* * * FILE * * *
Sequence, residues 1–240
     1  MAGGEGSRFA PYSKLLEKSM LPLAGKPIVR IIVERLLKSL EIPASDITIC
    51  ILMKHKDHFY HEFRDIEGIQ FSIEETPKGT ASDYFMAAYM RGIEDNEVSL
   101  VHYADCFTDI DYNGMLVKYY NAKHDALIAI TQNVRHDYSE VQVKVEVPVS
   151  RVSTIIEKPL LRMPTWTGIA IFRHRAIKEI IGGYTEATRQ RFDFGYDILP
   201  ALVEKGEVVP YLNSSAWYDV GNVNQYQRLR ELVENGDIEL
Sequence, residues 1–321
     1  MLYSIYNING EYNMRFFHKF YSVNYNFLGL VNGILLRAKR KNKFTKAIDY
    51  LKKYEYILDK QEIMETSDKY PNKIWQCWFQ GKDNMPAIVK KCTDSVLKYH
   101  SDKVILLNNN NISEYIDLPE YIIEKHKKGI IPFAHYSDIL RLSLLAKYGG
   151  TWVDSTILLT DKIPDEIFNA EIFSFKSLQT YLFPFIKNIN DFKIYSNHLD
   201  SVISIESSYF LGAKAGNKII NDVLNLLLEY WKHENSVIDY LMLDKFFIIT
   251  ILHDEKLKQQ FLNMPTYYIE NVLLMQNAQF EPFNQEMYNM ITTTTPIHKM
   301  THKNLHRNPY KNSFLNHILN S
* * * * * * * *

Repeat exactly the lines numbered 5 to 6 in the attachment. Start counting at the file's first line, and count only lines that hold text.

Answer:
   151  RVSTIIEKPL LRMPTWTGIA IFRHRAIKEI IGGYTEATRQ RFDFGYDILP
   201  ALVEKGEVVP YLNSSAWYDV GNVNQYQRLR ELVENGDIEL